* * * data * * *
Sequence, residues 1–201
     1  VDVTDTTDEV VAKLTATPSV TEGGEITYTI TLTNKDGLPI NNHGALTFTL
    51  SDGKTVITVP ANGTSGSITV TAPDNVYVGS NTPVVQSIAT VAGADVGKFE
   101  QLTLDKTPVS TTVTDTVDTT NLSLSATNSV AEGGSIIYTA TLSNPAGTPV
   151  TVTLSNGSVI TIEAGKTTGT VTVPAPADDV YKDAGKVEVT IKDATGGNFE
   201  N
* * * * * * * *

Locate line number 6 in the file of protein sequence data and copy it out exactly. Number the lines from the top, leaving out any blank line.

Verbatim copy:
   201  N